|My Love Affair With Evangelical Christians
by Rabbi Shmuley Boteach, WorldNetDaily, November 2, 2004
|Nearly the whole world is arrayed against President George W. Bush. The long list includes Europe, The United Nations, the Arab
countries, the world's media, Hollywood, the universities, and half the United States. The question becomes: How can this man
possibly survive as president?
The answer to this question lies in the biggest American development since women's suffrage, namely, the rise of the Christian
right. The United States has 70 million born-again Christians, comprising the single largest voting block in the country. They are
guided by faith and they vote with their values. They are the moral force behind America's resurgent spirituality. And they
constitute the constituency that keeps George Bush in power, even as the entire world gangs up to defeat him.
The impact the American evangelical voting block has had on world affairs is incalculable and explains why there has been a revolution in the way the world does business. The staunch support of evangelical Christians has enabled George W. Bush to
pursue a foreign policy based not on expediencey or realpolitik, but on a deep-seated morality wherein tyrants are punished and
the oppressed liberated. These policies would have been unthinkable without the steadfast support of Bush's die-hard constitu-ency of evangelical Christians who comprise one quarter of the American electorate.
I have long recognized and commented on this remarkable fact, that a great moral leader is kept in power principally by a great
moral constituency. On the eve of the election, therefore, it is time that I put in writing what I have long felt in my heart.
I am a Jew who is deeply in love with evangelical Christians. Although I am at odds with them on various issues, they today constitute the most potent force for good in all America, and the most influential constituency who consistently demands that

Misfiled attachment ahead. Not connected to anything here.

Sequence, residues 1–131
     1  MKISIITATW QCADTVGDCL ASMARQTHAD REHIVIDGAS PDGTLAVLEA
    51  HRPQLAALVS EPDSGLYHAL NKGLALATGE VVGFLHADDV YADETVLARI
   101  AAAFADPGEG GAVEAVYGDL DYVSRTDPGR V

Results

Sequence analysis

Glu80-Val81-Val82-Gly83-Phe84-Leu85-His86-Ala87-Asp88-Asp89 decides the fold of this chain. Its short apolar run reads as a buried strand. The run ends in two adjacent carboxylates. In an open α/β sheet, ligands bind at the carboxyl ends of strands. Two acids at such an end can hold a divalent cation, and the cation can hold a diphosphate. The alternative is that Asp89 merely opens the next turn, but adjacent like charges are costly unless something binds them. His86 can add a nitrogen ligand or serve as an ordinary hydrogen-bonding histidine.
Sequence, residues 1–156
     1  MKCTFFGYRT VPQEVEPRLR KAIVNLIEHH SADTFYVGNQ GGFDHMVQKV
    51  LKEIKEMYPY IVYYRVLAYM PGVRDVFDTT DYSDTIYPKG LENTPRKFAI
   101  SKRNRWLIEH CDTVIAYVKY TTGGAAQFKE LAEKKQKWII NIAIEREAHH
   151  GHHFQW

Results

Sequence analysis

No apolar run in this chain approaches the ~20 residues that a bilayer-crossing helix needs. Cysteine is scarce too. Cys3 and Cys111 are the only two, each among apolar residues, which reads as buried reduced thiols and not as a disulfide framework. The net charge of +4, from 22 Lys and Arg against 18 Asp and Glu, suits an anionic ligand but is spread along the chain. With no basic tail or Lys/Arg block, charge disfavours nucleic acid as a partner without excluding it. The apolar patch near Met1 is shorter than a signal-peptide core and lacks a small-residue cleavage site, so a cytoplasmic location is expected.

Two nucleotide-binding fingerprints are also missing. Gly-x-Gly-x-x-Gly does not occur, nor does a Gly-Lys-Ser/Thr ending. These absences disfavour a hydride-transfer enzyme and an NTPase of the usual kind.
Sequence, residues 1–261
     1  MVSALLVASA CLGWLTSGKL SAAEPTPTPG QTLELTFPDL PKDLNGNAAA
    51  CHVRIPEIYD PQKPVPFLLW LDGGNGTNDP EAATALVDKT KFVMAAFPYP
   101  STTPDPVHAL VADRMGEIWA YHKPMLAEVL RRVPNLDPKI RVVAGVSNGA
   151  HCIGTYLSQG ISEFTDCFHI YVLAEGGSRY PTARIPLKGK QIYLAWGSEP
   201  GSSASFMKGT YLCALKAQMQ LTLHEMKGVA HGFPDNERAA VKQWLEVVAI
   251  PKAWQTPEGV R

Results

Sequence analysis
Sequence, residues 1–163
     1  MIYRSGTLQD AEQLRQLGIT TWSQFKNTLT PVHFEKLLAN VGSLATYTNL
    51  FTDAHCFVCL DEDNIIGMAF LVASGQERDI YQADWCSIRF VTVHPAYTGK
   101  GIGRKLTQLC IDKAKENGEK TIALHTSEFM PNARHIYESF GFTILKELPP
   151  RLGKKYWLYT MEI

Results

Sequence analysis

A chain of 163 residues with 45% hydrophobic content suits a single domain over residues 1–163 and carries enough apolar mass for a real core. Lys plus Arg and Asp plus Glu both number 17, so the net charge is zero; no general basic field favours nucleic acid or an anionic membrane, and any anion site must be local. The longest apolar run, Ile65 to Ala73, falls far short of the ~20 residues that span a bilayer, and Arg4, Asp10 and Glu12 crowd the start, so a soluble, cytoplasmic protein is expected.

America be a nation of justice, standing up for the persecuted and living up to its founding ideals of serving as a global beacon of
To be sure, I am devoted to my Judaism. Wild horses and iron combs could never pry me away from my Jewish identity and I
have devoted my life to the dissemination of the Jewish ideas in the mainstream culture and to bringing wayward Jews back to
their heritage. But I must give credit where credid is due. And evangelical Christians, more than any other group today, are
responsible for America being a G-dly country.
Whenever I am in the company of evangelical Christians, I feel completely at home, among true brothers and sisters of faith. More
so, I feel inspired, like I am in the company of an authentic G-dly host. Evangelical Christians are at the forefront of asserting that religious conviction demands moral action. You cannot call yourself religious unless you act with justice. Period. So many religious people around the world have utterly embarrassed themselves over the past few years by condemning the United States for the war in Iraq, a war that removed the world's foremost mass murderer from power. But the evangelicals have been stalwart
in defending the Iraq war as a conflict in which America served as G-d's long arm of justice.
Evangelical Christians, like orthodox Jews, have a deep-seated hatred for evil. Many religious people have a problem with hatred, believing it is inherently unG-dly. Evangelicals reject such wishy-washy, on-the-fence moralizing, understanding the hatred of
evil is the single best gauge of authentic spiritual commitment. While so many other religious denominations practice either
spiritual narcissim (the cult of new-age personal growth), or a watered down version of amoral liberalism, evangelical Christians
stand against tyrants and murderers, and are committed to using American power to bring them to justice.